My first real vacation was a weeklong excursion to Miami Beach. What I remember more than Ethel Merman in “Call Me Madam,” the menacing funnel cloud of a waterspout, or my stolen coin purse, was the direction of the guide on the Jolly Roger tour boat. “Just throw it overboard,” he said in response to a question about empty soda cups. “It’ll end up somewhere downstream.” Even at six, I knew that was wrong.
I can proudly say I’ve never dumped trash in the ocean. But what about my carbon footprint as an audio/video enthusiast? I have to wonder what effect my years of collecting packaged media is having on the environment. When I moved last year from a roomy house to a cozy apartment, only half of my 1,500 CDs and DVDs could go with me. All obsolete VHS tapes had to go, too. I left behind a regrettable amount of plastic, including discs, jewel boxes and cassette shells.
After a lifetime of collecting LPs, tapes and discs, I’m amazed to think there’s a new wave of consumers who may never own a physical scrap of prerecorded media. They can download music and videos and store them on a hard drive. Me? I now score much of my music from iTunes—and would be inspired to do more if tracks weren’t left off iTunes albums.
Although I can justify the purchase of some CDs because I’ll play them again and again, I can’t say the same for movies which, save for some classics and good demo material, I rarely watch more than once or twice. That makes the recent onslaught of video download options—without environmentally unfriendly discs or cases—that much more appealing.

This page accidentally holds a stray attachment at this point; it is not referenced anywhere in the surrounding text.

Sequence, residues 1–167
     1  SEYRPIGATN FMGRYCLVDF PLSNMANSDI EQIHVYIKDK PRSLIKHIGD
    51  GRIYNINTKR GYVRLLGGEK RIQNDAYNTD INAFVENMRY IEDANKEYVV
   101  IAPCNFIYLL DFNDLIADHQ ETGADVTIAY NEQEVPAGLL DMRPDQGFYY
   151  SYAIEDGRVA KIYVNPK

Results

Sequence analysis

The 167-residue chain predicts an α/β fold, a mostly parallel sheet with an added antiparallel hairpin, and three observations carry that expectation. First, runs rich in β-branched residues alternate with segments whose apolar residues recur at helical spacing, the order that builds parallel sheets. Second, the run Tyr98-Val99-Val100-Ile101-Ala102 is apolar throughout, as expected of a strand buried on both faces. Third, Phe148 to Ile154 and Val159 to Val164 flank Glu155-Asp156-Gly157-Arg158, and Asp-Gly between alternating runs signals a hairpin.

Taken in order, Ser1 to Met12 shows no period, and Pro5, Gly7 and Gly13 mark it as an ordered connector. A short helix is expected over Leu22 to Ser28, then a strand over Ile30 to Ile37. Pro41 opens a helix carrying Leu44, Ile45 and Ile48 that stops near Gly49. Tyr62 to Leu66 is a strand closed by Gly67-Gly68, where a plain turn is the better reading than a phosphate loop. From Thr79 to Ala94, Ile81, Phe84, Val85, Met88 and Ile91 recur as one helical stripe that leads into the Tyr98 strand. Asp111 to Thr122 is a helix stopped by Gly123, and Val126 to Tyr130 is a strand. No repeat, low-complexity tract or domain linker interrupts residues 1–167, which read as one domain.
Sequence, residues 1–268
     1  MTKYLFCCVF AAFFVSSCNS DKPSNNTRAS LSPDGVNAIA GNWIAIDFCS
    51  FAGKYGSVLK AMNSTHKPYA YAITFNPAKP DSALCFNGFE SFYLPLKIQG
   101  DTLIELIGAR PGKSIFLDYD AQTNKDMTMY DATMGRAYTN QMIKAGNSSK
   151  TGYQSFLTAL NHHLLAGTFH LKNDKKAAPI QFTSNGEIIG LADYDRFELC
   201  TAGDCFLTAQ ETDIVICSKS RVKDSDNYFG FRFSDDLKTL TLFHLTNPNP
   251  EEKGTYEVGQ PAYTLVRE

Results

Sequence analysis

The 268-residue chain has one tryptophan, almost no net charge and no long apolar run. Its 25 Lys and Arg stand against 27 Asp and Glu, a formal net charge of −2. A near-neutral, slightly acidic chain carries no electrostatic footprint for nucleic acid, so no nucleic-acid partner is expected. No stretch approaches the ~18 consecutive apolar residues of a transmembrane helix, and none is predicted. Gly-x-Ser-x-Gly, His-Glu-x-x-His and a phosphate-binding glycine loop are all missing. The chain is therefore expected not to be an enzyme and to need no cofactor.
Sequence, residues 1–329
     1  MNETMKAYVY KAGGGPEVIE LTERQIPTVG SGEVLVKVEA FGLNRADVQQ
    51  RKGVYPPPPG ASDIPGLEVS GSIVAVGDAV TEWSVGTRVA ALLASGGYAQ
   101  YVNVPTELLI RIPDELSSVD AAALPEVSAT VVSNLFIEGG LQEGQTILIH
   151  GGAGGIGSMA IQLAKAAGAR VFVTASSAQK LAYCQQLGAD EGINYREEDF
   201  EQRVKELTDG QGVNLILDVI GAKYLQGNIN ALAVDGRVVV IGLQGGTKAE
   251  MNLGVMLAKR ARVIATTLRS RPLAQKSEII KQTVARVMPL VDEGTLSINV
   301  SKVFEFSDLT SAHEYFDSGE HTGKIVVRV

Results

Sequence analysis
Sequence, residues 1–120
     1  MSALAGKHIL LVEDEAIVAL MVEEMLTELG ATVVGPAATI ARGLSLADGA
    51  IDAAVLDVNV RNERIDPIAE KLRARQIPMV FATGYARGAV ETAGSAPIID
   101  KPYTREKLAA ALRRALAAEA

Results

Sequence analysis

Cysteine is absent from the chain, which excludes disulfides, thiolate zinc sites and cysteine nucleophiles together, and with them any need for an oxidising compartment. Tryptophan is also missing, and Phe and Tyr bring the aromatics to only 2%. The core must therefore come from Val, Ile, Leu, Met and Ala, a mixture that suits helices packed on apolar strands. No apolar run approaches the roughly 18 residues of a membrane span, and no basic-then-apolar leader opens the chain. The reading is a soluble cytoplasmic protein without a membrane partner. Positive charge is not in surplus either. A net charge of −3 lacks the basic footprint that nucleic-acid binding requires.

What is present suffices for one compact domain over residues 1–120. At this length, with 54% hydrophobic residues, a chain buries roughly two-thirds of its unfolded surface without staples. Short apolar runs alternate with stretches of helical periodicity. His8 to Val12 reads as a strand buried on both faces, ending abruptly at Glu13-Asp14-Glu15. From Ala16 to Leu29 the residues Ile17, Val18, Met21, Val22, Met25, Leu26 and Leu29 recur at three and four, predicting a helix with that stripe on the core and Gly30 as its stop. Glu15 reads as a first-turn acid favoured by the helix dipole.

I’m about to hook up a Vudu player to download movies in HD. I have Apple TV, which sends my music, iTunes TV shows and photos from the PC to the living room. I can rent standard- or high-def movies from various studios and download them to the PlayStation 3 and shuttle them over to the PlayStation Portable.
If I’m feeling especially green, I can download “near-DVD-quality” movies from Netflix rather than going the snail mail route. I can use TiVo as a window to Amazon’s Unbox video collection. New releases typically run $4 per rental and $15 for purchase, but when I buy a title for playback on my PC or TiVo, I get a smaller file, too, for playback on a portable.
Of course, there are caveats in the download world. The media you buy or rent has stringent playback restrictions, media players report back information from your PC, and if your hard disk crashes, it takes your media with it.
Green media isn’t perfect, but it’s a carbon step in the right direction.
Exploring Your Video-On-Demand Options
Are Media Extenders Finally Catching On?
The Death of In-Store Rentals
Follow Electronic House